‘The Eye that Cries’: The Politics of Representing Victims in Contemporary Peru

  • Katherine Hite Vassar College
Keywords Latin American History, Latin American Cultural Studies
Keywords Latin American History, Latin American Cultural Studies


“The Eye that Cries” exposes a fraught, uneasy politics in Peru regarding the reaches and limits of understanding the trauma of “the other.” The vast majority of those who lived in terror and with terror were indigenous peasants of the Peruvian highlands, physically and socially quite distanced from the dominant Peruvian metropolis of Lima. In many cases, violence emanating from both the military and Sendero destroyed collective organization, tore families apart, and left communities of widows and orphans. When individuals and families displaced by the violence in the Andes descended to Lima, they were often viewed with suspicion and fear. Drawing from both eastern and western philosophy and spirituality, “The Eye that Cries” seeks compassion for the descendants of those who are foundational to Peruvian identity yet who are structurally marginalized from power.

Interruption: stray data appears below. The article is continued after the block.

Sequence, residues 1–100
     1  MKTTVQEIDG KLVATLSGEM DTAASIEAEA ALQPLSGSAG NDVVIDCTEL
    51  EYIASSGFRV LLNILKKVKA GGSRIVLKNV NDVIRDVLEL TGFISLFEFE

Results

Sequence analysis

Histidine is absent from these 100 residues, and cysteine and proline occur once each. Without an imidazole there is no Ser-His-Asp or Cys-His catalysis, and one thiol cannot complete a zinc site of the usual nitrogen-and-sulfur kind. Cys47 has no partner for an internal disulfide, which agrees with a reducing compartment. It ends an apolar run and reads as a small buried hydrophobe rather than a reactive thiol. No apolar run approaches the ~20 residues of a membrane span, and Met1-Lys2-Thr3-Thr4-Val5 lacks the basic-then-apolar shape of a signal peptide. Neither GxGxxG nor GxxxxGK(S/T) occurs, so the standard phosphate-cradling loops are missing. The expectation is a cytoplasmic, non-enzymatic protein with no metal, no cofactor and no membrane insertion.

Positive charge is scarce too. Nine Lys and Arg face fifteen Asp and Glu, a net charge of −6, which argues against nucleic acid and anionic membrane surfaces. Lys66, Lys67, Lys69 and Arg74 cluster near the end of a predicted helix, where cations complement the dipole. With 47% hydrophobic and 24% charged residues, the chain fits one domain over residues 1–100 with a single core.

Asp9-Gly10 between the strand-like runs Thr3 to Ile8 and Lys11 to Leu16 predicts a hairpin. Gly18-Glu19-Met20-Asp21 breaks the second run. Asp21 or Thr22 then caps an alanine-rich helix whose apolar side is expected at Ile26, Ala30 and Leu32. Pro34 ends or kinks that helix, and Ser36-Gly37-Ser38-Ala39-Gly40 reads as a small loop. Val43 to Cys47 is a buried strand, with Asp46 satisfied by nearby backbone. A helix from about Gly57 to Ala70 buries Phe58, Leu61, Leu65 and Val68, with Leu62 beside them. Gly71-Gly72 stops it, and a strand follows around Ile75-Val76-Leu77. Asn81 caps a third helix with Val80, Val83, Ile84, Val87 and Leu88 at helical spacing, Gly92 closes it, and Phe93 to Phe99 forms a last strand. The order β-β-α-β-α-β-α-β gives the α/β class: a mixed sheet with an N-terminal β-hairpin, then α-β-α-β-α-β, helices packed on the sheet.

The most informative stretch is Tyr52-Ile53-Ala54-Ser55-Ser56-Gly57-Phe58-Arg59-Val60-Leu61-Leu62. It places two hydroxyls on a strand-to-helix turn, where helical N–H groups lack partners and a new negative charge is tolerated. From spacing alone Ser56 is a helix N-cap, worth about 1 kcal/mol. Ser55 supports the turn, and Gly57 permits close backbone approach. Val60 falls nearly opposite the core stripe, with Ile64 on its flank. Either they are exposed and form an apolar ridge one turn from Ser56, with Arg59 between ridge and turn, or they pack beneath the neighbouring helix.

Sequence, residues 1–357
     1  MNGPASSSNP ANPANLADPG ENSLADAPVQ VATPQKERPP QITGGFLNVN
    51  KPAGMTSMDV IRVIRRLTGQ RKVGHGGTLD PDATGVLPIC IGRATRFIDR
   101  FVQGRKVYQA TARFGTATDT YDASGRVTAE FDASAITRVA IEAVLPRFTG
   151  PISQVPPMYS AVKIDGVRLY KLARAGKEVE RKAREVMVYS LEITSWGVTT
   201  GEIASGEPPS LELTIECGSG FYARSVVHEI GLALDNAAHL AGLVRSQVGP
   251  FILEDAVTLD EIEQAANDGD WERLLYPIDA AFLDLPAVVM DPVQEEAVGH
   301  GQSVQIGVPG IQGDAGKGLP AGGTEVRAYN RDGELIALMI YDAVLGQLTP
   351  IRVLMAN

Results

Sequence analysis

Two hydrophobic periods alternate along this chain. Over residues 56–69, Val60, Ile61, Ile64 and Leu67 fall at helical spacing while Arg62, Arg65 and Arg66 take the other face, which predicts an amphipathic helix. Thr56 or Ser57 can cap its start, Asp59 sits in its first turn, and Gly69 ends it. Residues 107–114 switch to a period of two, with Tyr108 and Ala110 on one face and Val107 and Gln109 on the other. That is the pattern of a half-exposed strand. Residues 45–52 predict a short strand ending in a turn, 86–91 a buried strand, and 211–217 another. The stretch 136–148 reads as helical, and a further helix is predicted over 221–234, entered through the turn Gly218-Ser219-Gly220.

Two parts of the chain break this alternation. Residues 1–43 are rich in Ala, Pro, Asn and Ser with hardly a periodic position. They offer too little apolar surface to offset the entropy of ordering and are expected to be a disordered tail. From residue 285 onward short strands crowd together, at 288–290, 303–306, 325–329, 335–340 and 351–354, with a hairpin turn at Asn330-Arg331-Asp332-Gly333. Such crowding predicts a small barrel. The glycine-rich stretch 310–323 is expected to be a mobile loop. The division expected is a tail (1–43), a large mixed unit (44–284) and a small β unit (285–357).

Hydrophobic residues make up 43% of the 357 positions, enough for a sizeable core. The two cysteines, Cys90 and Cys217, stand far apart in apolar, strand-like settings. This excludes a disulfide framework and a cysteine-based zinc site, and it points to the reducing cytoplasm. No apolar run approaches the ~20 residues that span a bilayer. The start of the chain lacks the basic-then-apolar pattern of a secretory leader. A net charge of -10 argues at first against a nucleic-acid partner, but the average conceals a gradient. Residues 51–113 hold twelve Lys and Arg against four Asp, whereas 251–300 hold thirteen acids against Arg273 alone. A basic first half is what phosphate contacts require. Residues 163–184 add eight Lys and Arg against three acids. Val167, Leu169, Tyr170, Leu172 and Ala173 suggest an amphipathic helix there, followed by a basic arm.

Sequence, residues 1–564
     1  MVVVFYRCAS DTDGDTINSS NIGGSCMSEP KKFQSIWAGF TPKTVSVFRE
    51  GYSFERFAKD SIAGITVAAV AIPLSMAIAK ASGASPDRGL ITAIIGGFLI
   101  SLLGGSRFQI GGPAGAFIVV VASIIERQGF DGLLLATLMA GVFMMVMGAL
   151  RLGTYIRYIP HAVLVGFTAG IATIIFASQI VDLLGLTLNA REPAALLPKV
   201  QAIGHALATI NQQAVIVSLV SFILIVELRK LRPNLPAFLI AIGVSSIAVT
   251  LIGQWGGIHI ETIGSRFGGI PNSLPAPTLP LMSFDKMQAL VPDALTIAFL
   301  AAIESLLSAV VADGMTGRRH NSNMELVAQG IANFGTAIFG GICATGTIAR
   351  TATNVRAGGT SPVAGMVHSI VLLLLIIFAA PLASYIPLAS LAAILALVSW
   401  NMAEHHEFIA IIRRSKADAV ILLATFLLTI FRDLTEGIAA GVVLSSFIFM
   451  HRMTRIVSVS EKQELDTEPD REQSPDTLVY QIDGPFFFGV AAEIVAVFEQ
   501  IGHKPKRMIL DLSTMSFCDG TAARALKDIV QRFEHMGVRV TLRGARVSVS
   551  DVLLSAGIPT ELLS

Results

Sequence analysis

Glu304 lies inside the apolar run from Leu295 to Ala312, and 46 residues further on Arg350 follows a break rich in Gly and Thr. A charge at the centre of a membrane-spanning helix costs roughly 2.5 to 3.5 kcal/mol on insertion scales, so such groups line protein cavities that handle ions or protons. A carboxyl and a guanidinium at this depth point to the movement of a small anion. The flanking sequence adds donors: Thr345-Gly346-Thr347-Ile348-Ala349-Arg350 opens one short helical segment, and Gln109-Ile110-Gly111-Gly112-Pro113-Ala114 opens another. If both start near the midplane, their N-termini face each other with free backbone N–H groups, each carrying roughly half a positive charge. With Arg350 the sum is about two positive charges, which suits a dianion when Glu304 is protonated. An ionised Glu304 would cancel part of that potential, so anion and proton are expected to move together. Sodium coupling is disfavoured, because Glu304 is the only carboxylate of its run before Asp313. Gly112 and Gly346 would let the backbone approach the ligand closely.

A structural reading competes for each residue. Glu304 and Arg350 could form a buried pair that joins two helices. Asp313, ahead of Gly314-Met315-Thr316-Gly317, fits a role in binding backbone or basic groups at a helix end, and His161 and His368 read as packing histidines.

Author Biography

Katherine Hite, Vassar College
Katherine Hite es profesora asociada de Ciencias Políticas y Directora del Programa de Estudios Latinoamericanos y Latinos en Vassar College (Poughkeepsie, Nueva York). Es autora del libro When the Romance Ended: Leaders of the Chilean Left, 1968-1998 (Columbia University Press, 2000), y co-editora de The New Politics of Inequality in Latin America: Rethinking Participation and Representation (Oxford University Press,1997) y Authoritarian Legacies and Democracy in Latin America and Southern Europe (University of Notre Dame Press, 2004). Actualmente trabaja en un proyecto sobre las políticas de la memoria en Argentina, Chile y Perú.
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